Introduction: Poorman´s Rainwater Collector

About: 4step instructables or your money back!

This instructable will show you how to make a rain-water collector to store the rain that falls on your roof, and the best part of it, I will tell you if it is useful or not :)

Every time it rains large quantities of water fall from the sky, this is obvious.. but even as obvious as it is, we just don't realize how much water can be stored for usage in summer months
Given a roof and a gutter in normal conditions, water will be directed to the drainage. So why don't we direct this stream to a storage tank or to our garden?

Step 1: Gather the Materials

You will need:

  • A roof
  • A roofgutter
  • A funnel (I did one myself with recycled materials, the construction will be depicted in the next step)
  • A hose
  • A storage tank

The tools:

  • A candle
  • A cooper pipe
  • Pliers
  • Scissors

Step 2: Construction

If you already have the funnel please, PLEASE, don´t read the next paragraph and jump to the next step (I´m just joking... you can laugh now)

To make a funnel we can use an empty big plastic bottle, cut it in half and there you already have a funnel !!. Place a cooper pipe above the tip of the flame, once the pipe is heated, make a hole thorough the center of the bottle´s plastic lid, with the help of the scissors widen the hole if needed, then pass a 1/2" threaded to hose PVC and adjust it with a male 1/2" female connector on the other extreme.

Step 3: Redirect the Water

You must get an appropiate tank to store water, and make shure it is placed in a location where the top of the tank is below the funnel. (This is because gravity and pressure will make all the work)

A funnel and a hose will redirect water from the roof to the tank

Connect the hose to your funnel and adjust it (I adjusted it with a wire, if you find it difficult to fit the hose to the funnel, heat the hose with the candle, but don´t burn it, and slide it as you rotate it gently with your hand...:) )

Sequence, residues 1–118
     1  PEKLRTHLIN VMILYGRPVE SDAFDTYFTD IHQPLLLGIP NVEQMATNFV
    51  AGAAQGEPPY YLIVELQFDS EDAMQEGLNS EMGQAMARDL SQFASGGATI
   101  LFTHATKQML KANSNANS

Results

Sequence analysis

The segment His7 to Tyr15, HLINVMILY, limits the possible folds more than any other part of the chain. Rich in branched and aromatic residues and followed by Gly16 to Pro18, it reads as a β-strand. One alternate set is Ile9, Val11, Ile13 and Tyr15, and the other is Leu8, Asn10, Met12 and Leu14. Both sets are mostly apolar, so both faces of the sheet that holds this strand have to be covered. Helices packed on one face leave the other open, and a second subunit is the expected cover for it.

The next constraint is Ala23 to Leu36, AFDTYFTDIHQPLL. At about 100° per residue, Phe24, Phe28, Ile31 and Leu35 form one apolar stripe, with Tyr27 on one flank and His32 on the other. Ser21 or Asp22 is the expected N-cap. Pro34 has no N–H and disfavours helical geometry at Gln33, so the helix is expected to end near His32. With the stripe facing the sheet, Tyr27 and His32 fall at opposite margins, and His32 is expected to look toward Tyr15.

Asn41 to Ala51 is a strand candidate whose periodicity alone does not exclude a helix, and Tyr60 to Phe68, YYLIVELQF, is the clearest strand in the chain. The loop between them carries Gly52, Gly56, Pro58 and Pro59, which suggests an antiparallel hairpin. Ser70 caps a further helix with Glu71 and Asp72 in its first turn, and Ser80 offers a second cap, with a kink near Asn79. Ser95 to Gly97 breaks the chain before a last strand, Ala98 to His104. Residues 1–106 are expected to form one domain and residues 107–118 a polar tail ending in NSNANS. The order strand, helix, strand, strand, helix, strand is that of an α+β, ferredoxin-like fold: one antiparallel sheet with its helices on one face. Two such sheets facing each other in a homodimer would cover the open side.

Connect the other end of the hose to the tank (or just place the hose on the top of the tank as I did because the tank´s connectors were rusted)

If your tank has a top lid it will avoid loss of water due to evaporation

Step 4: Final Touches

You may have a valve on your tank, or you may lose water faster than you can gather... ;)

I must admit before I made this collector, I tried filling the tank the old way by carrying water in that 7 liter bottle in the first picture of this step. This tank dimensions are roughly: 110x94x54cm.

Elementary school question: How many times I would have had to fill the bottle (safely walk through my roof, and raise my water bill) in order to fill this tank? Answer: 80 times, this tank´s capacity = 558360 cubic centimeters! (that is 558,36 liters)

Another question, how much time it took for the collector to fill this tank? Answer: two days of moderate to heavy rain. (That is a lot of water!, in fact make sure that you have drainage below your tank, because mine overflowed and flooded the floor, it took me like an hour or so to drain it! )

Final insight: a lot of water can be stored by collecting rain! I will use it to water a whole garden placed in my roof.

Moreover this system can be useful in emergency situations, my country (Ecuador) recently suffered from a huge 7,8 magnitude earthquake, and as I'm writing this I'm also volunteering to map the disaster area and coordinating with groups of good people. Water is critical for living and I'm pretending to distribute this information as a brochure and teach/design solutions in the affected areas where material from collapsed buildings (such as zinc rooftops, bottles, PVC plumbing ) can be used. I hope it will be useful for them and also for you!

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